The GSMRR and the Cowee Tunnel Story

When I wrote about our trip to Dillsboro on the GSMRR steam engine, I mentioned the dark tunnel we went into that prisoners help build and that I wanted to research some on it further. I have researched it to a dead end. I need your help. I found out that a NC writer by the name of Gary Carden had found the gravesite where the 19 prisoners were buried. Let me wander for a second in case you don’t know the story of the Cowee Tunnel. In the days of the Southern Railroad, as it was called when it was being built, prisoners from the “chain gang” were used to build the railroad. They had to be brought in to work on the tunnel by boat across the Tuckaseegee river. One winter day in 1882, the water was choppy and the prisoners got scared and rocked the boat, causing it to tip over. Since they were all chained together at the ankles, 19 of them sank to their deaths. One prisoner survived and saved the life of the warden, but because he stole the warden’s wallet in the process, he was sentenced to 30 more years. When they drug the bodies up from the river, they buried them in a mass grave and that was the end of it for many years. There were ghost stories and folklore about the moisture running down the walls inside the tunnel being the dead prisoners tears. In 2013, Gary Carden found out where these prisoners had been buried and started out to try to figure out their names, ages, and where they were from since they had been a big part of the history of the railroad being successfully built and the tunnel being their last “job” for the railroad. He wanted to try to get permission to dig them up and find their families so they could be buried in proper places. He thought surely people would be proud to have ancestors that worked on such an important part of history. I found where he listed their names, ages, and where they were from. After that, I found nothing else. No mention of any monument erected near the tunnel or whether or not he was able to find their families or even get permission to remove them from the mass grave. It’s like the story ended all over again. I know it took a lot of research and time to find out their names and everything, considering Carden was working with next to nothing in the beginning, but I was hoping after he got that far, I would find out the rest of the story too. If anyone out there knows any further news on this, let us know. We enjoy history, especially anything involving folklore (mountain, Indian, or otherwise). We have visited sites we gathered information from reading ghost stories and such and found actual historical significance involved. It amazes us how people had such explanations for things back then and what we know today about things. We know from riding in the tunnel on the train how extremely hot it was from the steam of the engine. Could that have been the moisture on the walls? Or was the moisture there before the tunnel was completed? Fun and interesting things to ponder are everywhere. But we also like to find out how people of today try to “rectify” the wrong doings of people from the past. Like final resting places for the workers of the railroad, or a monument. Or proper acknowledgements for American Indians who helped fight our enemies. Looking at history through present day eyes just amazes us around this area at least. I will put the link below where you can go see the information I gathered on the 1882 tunnel project. It is also where I got the names of the prisoners that perished that I will list here as well. Let us know if you got any further on information than we did on this. Thanks for all the support everyone. More fun to come in the next few days!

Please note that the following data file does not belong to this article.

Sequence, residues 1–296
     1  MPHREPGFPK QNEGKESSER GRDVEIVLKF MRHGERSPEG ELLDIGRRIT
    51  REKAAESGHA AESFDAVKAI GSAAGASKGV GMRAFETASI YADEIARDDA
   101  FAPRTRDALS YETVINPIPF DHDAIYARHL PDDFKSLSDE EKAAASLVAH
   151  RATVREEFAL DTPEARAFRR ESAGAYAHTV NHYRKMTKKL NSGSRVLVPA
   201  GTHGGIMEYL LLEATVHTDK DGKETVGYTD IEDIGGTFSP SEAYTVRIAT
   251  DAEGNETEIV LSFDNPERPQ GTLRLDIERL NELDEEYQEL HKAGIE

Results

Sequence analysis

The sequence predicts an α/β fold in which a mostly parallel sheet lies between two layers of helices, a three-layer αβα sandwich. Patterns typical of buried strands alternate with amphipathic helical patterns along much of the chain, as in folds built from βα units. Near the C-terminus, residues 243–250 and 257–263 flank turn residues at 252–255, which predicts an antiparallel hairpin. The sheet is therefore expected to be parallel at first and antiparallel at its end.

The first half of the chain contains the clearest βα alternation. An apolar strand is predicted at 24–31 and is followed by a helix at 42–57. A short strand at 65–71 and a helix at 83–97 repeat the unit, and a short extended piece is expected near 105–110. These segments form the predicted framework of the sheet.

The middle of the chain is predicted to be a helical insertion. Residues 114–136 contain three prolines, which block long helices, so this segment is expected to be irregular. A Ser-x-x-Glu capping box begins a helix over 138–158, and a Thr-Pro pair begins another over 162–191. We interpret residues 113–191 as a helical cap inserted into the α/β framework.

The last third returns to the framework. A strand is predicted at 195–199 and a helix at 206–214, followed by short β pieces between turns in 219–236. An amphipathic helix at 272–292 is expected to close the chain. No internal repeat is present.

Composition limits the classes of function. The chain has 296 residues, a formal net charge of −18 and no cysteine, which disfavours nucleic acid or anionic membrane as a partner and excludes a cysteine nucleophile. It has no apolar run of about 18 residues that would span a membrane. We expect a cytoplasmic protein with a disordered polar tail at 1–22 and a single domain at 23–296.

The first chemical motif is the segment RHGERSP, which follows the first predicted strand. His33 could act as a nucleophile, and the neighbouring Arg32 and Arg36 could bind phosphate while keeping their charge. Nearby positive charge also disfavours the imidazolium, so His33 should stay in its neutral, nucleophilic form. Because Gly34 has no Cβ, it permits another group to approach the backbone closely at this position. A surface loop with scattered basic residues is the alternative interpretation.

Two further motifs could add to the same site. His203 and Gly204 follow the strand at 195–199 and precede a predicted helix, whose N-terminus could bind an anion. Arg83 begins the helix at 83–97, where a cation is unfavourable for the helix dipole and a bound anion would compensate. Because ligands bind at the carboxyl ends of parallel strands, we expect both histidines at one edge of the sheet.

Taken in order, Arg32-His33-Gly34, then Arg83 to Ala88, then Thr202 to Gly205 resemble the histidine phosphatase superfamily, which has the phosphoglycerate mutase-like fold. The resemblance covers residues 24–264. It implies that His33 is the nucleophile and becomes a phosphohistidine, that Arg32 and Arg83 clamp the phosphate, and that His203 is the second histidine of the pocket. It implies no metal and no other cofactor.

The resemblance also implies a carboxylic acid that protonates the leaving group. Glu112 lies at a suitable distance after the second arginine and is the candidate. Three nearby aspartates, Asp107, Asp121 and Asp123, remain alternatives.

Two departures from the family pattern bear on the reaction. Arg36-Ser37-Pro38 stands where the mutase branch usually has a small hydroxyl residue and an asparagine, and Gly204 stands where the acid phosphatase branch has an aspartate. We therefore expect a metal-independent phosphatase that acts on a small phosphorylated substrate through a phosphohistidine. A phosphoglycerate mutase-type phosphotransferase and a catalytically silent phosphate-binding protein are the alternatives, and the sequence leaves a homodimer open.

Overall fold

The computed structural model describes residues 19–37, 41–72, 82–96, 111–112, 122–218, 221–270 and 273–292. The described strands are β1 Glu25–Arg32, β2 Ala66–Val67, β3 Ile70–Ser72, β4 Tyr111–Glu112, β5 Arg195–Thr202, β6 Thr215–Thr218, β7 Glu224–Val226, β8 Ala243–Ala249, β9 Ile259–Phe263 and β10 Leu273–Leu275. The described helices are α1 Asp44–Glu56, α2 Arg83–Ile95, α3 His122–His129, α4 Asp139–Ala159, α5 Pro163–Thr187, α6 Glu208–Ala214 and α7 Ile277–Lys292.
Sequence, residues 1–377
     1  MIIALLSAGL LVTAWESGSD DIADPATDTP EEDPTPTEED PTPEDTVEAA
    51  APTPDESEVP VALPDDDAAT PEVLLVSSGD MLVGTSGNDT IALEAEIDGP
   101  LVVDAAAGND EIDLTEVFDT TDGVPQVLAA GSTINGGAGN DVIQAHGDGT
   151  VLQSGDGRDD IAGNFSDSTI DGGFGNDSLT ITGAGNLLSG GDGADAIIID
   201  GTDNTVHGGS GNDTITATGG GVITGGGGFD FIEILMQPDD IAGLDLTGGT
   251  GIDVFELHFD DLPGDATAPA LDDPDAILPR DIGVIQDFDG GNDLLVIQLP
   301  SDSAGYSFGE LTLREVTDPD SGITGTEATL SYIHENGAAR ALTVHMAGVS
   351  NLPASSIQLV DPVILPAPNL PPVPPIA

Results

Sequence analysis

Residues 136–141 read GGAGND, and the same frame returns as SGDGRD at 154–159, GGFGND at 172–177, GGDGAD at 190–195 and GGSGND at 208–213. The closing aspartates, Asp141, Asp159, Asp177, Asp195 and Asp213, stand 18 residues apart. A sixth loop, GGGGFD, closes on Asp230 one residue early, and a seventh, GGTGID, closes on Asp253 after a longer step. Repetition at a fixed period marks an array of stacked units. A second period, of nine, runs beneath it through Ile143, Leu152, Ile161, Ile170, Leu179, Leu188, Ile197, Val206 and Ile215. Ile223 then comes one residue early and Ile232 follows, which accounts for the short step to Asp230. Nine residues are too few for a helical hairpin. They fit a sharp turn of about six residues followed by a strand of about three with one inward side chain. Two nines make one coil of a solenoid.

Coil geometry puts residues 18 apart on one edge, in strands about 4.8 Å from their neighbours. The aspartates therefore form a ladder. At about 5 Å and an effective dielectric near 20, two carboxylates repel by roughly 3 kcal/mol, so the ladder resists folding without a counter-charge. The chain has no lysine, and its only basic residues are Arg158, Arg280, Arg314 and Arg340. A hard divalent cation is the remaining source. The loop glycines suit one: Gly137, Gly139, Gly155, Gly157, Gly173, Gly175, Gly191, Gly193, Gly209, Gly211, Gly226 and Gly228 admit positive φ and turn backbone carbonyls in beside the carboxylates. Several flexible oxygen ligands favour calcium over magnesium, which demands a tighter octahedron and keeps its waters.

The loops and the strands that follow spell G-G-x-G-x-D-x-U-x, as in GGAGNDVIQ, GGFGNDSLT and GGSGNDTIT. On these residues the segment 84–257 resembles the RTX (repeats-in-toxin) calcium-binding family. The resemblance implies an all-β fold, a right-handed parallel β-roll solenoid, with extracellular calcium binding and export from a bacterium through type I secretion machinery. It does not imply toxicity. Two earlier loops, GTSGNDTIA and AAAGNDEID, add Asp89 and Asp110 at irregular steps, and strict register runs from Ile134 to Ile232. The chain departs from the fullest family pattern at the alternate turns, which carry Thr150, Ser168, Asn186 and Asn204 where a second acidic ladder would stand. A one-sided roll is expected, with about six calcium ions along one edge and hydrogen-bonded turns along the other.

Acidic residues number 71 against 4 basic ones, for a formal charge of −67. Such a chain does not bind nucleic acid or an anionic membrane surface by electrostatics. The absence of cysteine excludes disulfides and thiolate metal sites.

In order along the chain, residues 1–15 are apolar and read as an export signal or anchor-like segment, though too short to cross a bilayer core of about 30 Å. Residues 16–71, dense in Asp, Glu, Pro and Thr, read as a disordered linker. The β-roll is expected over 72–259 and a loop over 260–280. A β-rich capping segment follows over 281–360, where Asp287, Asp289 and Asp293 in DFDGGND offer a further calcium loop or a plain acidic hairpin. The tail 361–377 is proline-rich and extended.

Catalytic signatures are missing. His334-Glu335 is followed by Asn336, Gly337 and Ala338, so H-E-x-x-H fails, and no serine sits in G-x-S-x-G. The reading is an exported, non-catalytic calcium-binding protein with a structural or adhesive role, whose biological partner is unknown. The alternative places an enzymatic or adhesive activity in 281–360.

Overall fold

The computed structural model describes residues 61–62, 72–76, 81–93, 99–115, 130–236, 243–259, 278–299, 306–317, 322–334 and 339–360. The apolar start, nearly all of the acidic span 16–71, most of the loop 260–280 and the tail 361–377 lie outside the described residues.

19 Cowee Tunnel Railroad Prisoners that died in the Tuckaseegee River in 1882:

Charles Eason, Martin Co., NC Age 15

Allen Tillman, Anson Co., NC Age 18

James Fisher, Polk Co., NC Age 18

Jim McCallum, Gaston Co., NC Age 18

John Newsom, Hertford Co., NC Age 20

John Whitfield, Wayne Co., NC Age 20

George Tice, Iredell Co., NC Age 21

Albert Cowan, Rowan Co., NC Age 22

Oren Brooks, Orange Co., NC Age 22

Alex Adams, Washington Co., NC Age 25

Moses Brown, Warren Co., NC Age 25

Robert Robinson, New Hanover Co., NC Age 27

Louis Davis, Vance Co., NC Age 29

Nelson Bowser, Hertford Co., NC Age 30

Thomas Miller, Chesterfield, SC Age 30

Jerry Smith, Wilson Co., NC Age 33

George Rush, Richmond Co., NC Age 44

David Dozier, Edgecomb Co., NC Age 52

Sampson Ward, Onslow Co., NC Age 55

website information on Gary Carden and the Tunnel Project:

http://www.smokymountainnews.com/news/item/10992-1882-cowee-tunnel-comes-into-21st-century-spotlight

GSMRR 141

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